Pentagon chief says Russia's actions constrain cooperation
Departing Defense Secretary Ash Carter says the U.S. should continue to seek opportunities to cooperate with Russia despite the fading options that President Vladimir Putin's behavior allow, according to Bloomberg.
"I do see areas where we can cooperate, but they are getting narrower and narrower over time," Carter said in an interview with Bloomberg on Tuesday.
"That's the trajectory Russia has been on" because "that common ground to work on has been reduced over the last 10 years progressively. That's just the fact of where we find ourselves now," he said.
Read alsoTrump’s advisor on Moscow visit says fate of Russia sanctions unclearDays before the inauguration of President-elect Donald Trump, who has vowed to seek improved relations with Putin, Carter said that option is "still possible" where U.S. and Russian interests overlap, such as blocking North Korea's nuclear weapons program and preventing Iran from having one.
Yet such cooperation has "decidedly not been the case" in fighting Islamic State terrorists in Syria, he said. While Trump has talked of such a joint effort, the Pentagon has found its attempts to support a "moderate" opposition in Syria undercut by Putin's military support for the regime of President Bashar al-Assad.
Carter's frame of reference for potential cooperation dates to the early 1990s when, as a Pentagon policy official, he helped Russia emerge from a nuclear weapons-laden Soviet Union after its collapse, "making sure there was not nuclear chaos as a consequence of the disintegration," he said.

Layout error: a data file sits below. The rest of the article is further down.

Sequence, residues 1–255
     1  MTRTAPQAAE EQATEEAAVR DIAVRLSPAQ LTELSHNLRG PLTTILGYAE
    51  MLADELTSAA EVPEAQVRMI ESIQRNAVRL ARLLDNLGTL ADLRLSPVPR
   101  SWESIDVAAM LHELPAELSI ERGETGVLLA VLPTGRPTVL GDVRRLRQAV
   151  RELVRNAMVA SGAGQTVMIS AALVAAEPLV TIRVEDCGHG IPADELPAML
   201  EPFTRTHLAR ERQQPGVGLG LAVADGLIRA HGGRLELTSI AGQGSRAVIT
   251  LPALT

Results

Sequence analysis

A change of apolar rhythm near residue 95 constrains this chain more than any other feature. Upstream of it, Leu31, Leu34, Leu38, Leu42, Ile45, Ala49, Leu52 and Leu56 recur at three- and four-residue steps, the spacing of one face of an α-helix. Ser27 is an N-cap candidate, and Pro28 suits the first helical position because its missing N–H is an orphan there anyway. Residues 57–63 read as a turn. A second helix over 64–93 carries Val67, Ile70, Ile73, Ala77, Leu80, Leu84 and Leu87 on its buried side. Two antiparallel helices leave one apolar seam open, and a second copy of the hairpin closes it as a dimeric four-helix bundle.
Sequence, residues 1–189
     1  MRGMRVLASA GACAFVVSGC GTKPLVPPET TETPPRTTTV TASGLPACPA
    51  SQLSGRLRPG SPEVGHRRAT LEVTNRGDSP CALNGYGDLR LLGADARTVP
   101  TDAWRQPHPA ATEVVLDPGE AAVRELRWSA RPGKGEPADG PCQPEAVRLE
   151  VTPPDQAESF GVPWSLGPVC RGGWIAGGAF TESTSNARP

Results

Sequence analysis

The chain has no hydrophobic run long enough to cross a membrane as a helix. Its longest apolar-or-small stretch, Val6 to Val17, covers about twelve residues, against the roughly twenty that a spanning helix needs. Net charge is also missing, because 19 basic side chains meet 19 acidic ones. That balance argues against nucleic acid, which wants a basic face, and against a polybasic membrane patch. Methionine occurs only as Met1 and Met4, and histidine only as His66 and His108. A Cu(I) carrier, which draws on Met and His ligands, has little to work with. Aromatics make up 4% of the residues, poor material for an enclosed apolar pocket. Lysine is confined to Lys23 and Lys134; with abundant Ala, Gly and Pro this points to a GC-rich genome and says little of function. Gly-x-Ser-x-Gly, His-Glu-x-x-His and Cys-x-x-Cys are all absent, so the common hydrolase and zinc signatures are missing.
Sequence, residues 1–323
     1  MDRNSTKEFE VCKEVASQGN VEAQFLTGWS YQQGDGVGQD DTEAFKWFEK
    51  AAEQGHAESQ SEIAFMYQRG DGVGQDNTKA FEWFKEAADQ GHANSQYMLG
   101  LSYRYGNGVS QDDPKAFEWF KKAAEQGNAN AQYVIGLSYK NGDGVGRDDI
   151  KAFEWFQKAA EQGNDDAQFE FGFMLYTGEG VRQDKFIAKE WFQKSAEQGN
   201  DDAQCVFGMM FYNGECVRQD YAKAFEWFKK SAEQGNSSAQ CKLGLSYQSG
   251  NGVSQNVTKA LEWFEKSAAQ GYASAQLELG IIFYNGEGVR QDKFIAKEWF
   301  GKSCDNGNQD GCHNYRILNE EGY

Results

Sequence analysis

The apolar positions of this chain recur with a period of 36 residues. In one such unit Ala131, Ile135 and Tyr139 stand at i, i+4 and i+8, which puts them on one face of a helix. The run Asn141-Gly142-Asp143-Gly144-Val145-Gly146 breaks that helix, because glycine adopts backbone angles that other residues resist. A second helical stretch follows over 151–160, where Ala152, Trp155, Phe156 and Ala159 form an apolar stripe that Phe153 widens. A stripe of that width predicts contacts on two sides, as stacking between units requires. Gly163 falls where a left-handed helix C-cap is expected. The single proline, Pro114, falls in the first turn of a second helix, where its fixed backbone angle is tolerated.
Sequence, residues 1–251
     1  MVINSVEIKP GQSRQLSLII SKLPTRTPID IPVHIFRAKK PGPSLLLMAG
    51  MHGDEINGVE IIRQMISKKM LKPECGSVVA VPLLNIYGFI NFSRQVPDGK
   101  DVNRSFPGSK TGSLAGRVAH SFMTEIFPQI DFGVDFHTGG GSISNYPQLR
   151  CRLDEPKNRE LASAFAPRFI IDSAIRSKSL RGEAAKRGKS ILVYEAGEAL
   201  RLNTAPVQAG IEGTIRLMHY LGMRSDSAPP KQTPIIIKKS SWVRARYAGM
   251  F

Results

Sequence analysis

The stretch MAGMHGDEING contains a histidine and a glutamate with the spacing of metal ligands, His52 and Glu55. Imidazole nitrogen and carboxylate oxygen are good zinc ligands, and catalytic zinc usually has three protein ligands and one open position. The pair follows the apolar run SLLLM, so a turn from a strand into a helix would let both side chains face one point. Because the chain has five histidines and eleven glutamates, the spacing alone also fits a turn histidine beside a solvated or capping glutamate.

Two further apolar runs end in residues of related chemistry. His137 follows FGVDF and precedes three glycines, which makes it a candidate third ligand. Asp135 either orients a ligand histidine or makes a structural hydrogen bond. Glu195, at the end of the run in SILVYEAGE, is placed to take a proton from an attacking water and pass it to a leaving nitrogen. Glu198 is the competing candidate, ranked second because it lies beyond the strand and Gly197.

Carter said Russia also "found a way that it could be in both our interests and NATO's interests to work together in the Balkans," where ethnic conflict raged in the 1990s after the disintegration of Yugoslavia. "So I've done that and it is possible" to work with Russia, he said.
"But if the government of Russia defines its interests not only as different from the United States, which we expect, but as deliberately in opposition to the United States, it's very difficult to build a bridge to that motivation – and that's the challenge going forward," said Carter.
As UNIAN reported earlier, Russian President Vladimir Putin said January 17: "It seems that they trained for this in Kyiv and now are ready to organize a 'Maidan' in Washington not to let Trump assume office."